HIV stands for human immunodeficiency virus. It is a life-threatening condition that harms your immune system by destroying the white blood cells that fight infection. This puts you at risk for serious infections and certain cancers. AIDS stands for acquired immunodeficiency syndrome. It is the final stage of infection with HIV. With medication, HIV-positive individuals can manage their illness and extend their life expectancy to that of a standard lifespan. If you need a specialty pharmacy that can provide you with HIV medication, we at Drugssquare Online Pharmacy are ready to help!
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Phil Johnson, M.D. explains basic information about HIV: how to avoid contracting it or transmitting it; the importance of getting tested to know your HIV status; how HIV and AIDS are treated; and the importance of taking your antiretroviral medication as prescribed.
Becky Kuhn, M.D. debunks 10 more common myths about HIV and AIDS, including the myths that: HIV has never been isolated; HIV tests are often wrong; the U.S. Food and Drug Administration has not approved HIV tests; you are better off without ARVs than with them; antiretroviral medications (ARVs) are not effective for treating AIDS; AIDS is caused by Antiretroviral Medications (ARVs); AZT does more harm than good; AIDS is caused by use of inhaled recreational drugs such as nitrites (also known as poppers); AIDS is caused by injection drug use, not by HIV; and humans created HIV. Myths like these are harmful because they confuse people about the origin of HIV and its role as the cause of AIDS. Make sure you get accurate information about HIV and AIDS. Base decisions about your personal health and safety on the findings of research studies published in peer-reviewed scientific journals. HIV causes AIDS. HIV tests can accurately determine whether or not you are infected with HIV. ARVs are effective for treating HIV/AIDS and save lives. Knowing the facts about how HIV is transmitted can mean the difference between life and death. Protect yourself and those around you. Take steps to avoid contracting HIV and to avoid transmitting it if you are HIV positive. This video is a sequel to our popular video The Top Ten Myths About HIV and AIDS.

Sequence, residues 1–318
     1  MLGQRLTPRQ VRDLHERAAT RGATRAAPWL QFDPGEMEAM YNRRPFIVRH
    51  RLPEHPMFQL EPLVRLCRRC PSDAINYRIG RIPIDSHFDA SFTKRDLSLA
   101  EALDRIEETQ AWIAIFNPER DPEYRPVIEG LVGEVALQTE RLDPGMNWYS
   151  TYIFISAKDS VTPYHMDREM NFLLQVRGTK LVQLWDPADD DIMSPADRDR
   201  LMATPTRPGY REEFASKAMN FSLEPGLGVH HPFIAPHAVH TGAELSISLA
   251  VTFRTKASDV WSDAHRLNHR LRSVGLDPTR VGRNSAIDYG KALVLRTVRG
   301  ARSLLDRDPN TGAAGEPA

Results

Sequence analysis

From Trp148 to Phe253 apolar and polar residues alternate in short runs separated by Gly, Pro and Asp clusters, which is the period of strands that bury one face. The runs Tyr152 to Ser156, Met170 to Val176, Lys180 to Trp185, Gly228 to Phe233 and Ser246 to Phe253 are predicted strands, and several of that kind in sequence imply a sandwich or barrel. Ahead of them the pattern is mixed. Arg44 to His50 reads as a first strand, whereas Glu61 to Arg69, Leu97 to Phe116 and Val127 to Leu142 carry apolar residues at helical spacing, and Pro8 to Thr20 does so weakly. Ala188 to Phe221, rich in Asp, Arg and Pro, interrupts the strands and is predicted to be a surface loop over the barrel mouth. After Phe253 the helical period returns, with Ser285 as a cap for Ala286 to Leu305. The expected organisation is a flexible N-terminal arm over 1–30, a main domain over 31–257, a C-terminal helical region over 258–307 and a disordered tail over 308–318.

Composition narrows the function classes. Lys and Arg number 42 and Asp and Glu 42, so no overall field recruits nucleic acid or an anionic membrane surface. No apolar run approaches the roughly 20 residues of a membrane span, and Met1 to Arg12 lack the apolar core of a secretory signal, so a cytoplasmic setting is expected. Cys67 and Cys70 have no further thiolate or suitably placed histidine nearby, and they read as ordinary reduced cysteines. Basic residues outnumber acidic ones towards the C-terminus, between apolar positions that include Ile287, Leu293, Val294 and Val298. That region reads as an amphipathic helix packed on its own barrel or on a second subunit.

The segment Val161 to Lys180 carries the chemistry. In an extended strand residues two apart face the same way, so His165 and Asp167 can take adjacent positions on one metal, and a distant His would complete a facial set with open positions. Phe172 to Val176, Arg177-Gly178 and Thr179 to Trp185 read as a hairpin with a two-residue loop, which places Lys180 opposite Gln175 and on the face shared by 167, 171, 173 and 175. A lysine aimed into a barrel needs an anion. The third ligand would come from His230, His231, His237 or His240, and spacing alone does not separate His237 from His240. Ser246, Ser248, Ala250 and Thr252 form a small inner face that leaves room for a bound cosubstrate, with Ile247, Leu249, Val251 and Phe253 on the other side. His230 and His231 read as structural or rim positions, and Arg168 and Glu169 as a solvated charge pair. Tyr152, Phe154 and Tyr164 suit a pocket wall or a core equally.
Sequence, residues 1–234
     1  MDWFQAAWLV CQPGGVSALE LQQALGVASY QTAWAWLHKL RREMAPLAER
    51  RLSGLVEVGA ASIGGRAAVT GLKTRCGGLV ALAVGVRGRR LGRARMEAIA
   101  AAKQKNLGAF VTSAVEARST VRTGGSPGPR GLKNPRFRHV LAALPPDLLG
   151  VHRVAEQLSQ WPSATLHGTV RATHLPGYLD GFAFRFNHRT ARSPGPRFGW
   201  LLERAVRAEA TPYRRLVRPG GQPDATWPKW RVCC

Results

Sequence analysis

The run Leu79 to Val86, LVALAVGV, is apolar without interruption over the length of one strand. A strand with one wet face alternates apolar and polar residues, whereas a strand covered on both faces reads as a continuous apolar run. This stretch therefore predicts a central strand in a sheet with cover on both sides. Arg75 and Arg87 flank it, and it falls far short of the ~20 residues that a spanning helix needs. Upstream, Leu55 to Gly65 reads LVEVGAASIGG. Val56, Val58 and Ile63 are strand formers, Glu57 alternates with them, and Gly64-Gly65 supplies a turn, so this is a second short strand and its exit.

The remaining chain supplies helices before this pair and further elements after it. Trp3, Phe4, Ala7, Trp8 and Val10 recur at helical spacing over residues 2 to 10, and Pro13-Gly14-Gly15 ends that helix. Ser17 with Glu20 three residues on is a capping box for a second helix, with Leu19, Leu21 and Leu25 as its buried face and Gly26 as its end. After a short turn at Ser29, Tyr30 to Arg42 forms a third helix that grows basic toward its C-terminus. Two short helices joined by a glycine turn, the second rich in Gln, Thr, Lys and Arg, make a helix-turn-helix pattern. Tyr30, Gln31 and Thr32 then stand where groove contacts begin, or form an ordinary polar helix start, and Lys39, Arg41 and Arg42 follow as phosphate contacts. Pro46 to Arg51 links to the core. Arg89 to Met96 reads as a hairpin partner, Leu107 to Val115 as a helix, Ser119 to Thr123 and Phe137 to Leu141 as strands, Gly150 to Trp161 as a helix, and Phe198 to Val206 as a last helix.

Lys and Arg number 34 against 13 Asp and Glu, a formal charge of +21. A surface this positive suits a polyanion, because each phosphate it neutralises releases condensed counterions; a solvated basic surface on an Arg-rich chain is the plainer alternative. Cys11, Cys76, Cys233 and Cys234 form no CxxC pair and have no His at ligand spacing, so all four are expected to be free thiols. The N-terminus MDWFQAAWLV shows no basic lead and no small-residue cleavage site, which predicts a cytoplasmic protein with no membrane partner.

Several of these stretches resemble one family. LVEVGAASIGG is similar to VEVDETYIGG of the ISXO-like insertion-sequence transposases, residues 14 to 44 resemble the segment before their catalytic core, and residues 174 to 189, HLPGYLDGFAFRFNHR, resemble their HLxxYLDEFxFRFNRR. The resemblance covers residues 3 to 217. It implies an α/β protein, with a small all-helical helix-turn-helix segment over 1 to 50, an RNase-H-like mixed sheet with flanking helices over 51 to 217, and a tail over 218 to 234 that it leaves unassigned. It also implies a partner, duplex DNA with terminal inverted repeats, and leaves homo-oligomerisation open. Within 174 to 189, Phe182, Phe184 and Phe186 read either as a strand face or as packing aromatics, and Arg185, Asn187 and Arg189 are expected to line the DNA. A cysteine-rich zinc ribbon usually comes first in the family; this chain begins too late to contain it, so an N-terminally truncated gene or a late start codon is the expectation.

For many years, governments and non-governmental organizations have promoted an ABC approach to preventing HIV and AIDS. ABC stands for Abstain from sex until marriage, Be faithful to a single partner, and use a Condom every time you have sex. ABC has some known limitations. This video discusses those limitations and additional things we can do to prevent the spread of HIV. SAVE stands for Safer practices, Access to antiretroviral medications, Voluntary counseling and testing, and Empowerment and Education. DEF stands for Disclosure in safety, Education and empowerment, and Female-controlled prevention methods. Medically performed male circumcision with counseling can also reduce the risk that men will contract HIV via heterosexual intercourse.
Danny West is a trainer, coach, and leadership consultant, has been living with HIV for the past 24 years, and remains healthy today. It’s important to realize that combination therapy with antiretroviral medications is not a cure. It will help your immune system fight HIV, but the person with HIV can still transmit the virus to others through routes such as sexual contact and needle sharing. The stigma and prejudice associated with HIV is one of the major issues that people living with HIV are challenged with. People with HIV are still discriminated against. They may lose their job, mortgage, or contact with family members because of HIV stigma. Sometimes, they are even attacked and murdered. So having HIV still matters, and if you’re HIV negative, make choices to make sure you stay that way! For more information, visit *******www.ryl-training-consultancy******/ and *******www.AIDSvideos****/.